The UK Government's Department for Business, Energy and Industrial Strategy (BEIS) has created a single workers’ rights watchdog to stamp out modern slavery scandals in British factories and agriculture.
The watchdog, which is yet to be given a name, will be a “one-stop shop” to enforce minimum wage laws, protect agency workers and eradicate modern slavery.
The new regulator will involve amalgamating three former bodies – the Gangmasters and Labour Abuse Authority, the Employment Agency Standards Inspectorate and the National Minimum Wage enforcement team based at HM Revenue and Customs.
Any companies seen to be flouting minimum wage laws will have their products banned from sale, the BEIS said.
Ministers claim the move will make it easier for workers by providing one body and a simple process of reporting bad behaviour.
Business minister Paul Scully told The Scotsman newspaper: “This government has been absolutely clear that we will do whatever we can to protect and enhance workers’ rights.
“The vast majority of businesses want to do right by their staff, but there are a minority who seem to think the law doesn’t apply to them. This new workers’ watchdog will help us crack down on any abuses of workers’ rights and take action against companies that turn a blind eye to abuses in their supply chains, while providing a one-stop shop for employees and businesses wanting to understand their rights and obligations.”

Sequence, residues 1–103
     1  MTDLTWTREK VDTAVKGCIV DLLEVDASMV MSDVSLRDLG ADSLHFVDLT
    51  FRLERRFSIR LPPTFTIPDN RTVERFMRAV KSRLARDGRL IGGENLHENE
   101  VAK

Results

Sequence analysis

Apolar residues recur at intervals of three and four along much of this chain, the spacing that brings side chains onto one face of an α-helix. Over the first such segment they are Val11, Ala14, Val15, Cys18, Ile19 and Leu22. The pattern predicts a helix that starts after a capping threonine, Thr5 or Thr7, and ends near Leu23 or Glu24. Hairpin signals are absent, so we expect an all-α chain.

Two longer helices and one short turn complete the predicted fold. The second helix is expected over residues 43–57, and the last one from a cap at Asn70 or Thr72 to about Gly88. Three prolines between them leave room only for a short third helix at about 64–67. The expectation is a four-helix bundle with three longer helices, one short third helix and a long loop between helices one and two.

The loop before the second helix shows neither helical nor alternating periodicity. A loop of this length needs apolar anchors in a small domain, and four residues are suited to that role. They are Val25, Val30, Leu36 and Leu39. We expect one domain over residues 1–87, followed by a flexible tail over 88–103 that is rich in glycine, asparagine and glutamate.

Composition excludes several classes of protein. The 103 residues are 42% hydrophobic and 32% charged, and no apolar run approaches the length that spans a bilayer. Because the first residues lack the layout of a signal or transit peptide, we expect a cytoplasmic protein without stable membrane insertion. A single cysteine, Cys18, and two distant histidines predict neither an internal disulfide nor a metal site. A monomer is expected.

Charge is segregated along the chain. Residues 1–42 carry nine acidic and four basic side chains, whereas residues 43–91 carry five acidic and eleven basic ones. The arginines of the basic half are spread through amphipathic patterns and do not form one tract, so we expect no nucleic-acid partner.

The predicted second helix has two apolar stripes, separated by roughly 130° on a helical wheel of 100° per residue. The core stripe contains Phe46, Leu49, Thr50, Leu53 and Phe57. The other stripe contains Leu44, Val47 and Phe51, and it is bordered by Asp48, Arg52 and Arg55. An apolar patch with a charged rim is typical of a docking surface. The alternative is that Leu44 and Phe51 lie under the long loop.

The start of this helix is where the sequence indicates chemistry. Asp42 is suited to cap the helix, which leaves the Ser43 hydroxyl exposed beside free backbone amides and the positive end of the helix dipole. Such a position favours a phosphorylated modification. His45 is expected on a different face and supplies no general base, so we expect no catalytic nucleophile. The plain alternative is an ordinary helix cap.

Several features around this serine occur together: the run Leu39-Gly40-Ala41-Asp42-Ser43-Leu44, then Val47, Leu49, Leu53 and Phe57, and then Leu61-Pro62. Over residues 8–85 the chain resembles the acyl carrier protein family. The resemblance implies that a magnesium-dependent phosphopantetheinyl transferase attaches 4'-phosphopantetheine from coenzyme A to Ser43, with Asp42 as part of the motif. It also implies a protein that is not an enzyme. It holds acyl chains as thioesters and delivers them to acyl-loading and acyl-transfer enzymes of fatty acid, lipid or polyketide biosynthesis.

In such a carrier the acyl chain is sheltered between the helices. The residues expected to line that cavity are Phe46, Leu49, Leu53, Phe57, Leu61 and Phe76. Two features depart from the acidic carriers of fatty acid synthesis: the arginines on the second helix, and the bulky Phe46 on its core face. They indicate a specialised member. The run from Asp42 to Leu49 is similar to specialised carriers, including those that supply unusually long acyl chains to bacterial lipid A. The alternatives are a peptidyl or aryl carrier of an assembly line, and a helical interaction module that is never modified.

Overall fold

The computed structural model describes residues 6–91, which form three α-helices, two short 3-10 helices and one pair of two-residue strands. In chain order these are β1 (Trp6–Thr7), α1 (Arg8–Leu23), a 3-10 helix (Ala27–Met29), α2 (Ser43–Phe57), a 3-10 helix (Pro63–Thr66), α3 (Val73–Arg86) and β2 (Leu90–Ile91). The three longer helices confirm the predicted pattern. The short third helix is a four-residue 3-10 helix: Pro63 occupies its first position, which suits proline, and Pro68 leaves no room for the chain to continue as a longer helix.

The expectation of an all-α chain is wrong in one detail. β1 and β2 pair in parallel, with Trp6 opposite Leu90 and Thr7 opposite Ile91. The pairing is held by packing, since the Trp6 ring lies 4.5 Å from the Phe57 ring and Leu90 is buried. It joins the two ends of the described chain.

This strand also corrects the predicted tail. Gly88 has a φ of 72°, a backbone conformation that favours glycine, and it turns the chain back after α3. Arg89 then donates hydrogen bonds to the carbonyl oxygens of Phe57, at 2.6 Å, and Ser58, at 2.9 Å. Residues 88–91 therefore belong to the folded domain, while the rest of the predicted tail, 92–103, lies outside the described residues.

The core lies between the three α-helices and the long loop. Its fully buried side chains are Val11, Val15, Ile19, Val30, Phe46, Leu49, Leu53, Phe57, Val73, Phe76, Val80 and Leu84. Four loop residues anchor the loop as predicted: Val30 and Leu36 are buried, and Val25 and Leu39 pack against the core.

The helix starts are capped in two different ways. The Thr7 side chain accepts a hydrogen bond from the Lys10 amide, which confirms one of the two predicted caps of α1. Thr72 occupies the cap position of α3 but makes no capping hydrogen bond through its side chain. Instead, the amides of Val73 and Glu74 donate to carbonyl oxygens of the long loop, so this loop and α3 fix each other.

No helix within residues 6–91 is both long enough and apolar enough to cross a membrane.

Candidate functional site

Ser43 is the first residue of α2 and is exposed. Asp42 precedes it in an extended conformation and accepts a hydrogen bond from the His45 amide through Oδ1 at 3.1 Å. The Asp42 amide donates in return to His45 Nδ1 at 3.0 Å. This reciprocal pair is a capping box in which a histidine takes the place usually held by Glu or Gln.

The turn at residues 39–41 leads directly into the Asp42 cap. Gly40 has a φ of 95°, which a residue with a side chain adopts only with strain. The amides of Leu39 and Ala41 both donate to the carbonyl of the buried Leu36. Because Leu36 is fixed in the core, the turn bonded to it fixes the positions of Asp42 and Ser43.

The new body will also help ensure vulnerable workers get holiday pay and statutory sick pay without having to go through a lengthy employment tribunal process, he said.
The new body will also provide guidance on best practice to businesses and build links with community and worker groups to spread awareness and support engagement with at-risk groups. This includes the low-paid and those in sectors like construction and agriculture that could be at higher risk of abuse.
The Scotsman reports that in 2019 there were 5,144 modern slavery offences recorded by the police in England and Wales – an increase of 51 per cent from the previous year.
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